Tesla and the Pigeon by Ryan Davies

I have been feeding pigeons, thousands of them, for years. But there was one, a beautiful bird – pure white with light grey tips on her wings. She was different. I had only to wish and call her and she would come flying to me. As long as I had her, there was a purpose to my life.

I was always too afraid to marry. An inventor should have a wife, they told me, but they didn’t understand that I was already married to my work. I could never be worthy enough for a woman, who were superior to me in every single way. My heroes, Isaac Newton and Immanuel Kant also never married and their genius was a testament to that. My chastity was the key to my own scientific abilities, but as I near the end of my life, I sometimes doubt if the sacrifice was worth it.

Once, I had workshops all around New York City and was even employed by the millionaire J.P. Morgan. Now, my work has been taken from me; my Wardenclyffe Tower has been demolished and I have been abandoned and forgotten. Perhaps this was the fate I chose for myself. I never wanted to be rich or famous – only that my inventions would make the lives of everyday people a little bit easier. I am now in the winter of my life and I feel the bitter cold which comes before the eternal spring of the soul. It was in this state that she first found me.

My lab was the only place I felt truly happy and now it is a hotel room. Instead of mingling with the world’s greatest minds at lavish dinner parties, I kept company with a crowd of pigeons whom I fed every day in Central Park. I’m not entirely sure why I found solace with these little creatures. Perhaps it was because they too were looked down upon by society, a society I tried to help. These birds were the real inhabitants of the city, citizens of a grey new world, and they became a comfort for a lonely old man. I even named some of them after people I once knew. There was a black feathered brute who took scraps from the beaks of others – I named him Edison. A dusky orange one who flew more gracefully than the rest I called Vivekenanda after the saffron robed monk I befriended and discussed the relation between matter and energy with Vedantic cosmology. Mark Twain was a little white pigeon with fluff around his beak. But she had no name. How could she?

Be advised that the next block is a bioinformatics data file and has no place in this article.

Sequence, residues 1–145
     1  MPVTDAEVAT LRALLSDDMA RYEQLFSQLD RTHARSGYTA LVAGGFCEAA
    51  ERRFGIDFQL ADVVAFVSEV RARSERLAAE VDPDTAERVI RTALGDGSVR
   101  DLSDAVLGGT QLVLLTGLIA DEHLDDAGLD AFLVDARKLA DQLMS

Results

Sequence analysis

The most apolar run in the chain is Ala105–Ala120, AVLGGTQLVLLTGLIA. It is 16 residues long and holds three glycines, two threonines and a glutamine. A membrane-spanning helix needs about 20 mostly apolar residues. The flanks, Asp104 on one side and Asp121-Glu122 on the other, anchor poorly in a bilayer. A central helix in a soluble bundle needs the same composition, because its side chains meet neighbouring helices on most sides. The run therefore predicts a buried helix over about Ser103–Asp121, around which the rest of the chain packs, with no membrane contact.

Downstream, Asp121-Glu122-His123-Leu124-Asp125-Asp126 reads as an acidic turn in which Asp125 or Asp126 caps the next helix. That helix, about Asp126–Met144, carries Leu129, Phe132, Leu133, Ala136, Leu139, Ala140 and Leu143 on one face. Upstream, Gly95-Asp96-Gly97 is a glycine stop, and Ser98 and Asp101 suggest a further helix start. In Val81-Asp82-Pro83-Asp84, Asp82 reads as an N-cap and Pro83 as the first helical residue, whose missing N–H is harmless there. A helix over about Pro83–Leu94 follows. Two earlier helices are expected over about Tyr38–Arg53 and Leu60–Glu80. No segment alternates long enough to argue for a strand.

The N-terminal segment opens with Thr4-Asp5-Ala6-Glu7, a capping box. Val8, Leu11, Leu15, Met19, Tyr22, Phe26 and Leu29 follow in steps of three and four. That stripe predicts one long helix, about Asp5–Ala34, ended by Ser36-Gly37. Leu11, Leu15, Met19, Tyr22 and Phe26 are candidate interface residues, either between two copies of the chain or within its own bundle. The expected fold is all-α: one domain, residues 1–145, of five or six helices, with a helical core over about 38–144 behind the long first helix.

I remember when we first met. The crowd of pigeons swarmed around the breadcrumbs I threw at my feet. Their heads bobbed low to scoop it up in their beaks, and they fluttered on top of each other. There was one who stood out – lighter in colour and holding her delicate head held high enough to focus on me with a sideways glance. She was more interested in me than the food. After I noticed this beautiful creature once, I began to see her more and more. She was the first to arrive and the last to linger. Each time I sat on the bench, she crept closer and gazed at me for longer. It was as though we recognised each other from some far away world. There was a light in her eyes and I knew she saw the same light in mine. I began to coo to her and she cooed back. Eventually, she hopped next to me on the bench and I fed her from my hand, her beak lightly jabbing my skin and her eyes penetrating mine with each gulp. A bond was made between two lonely souls.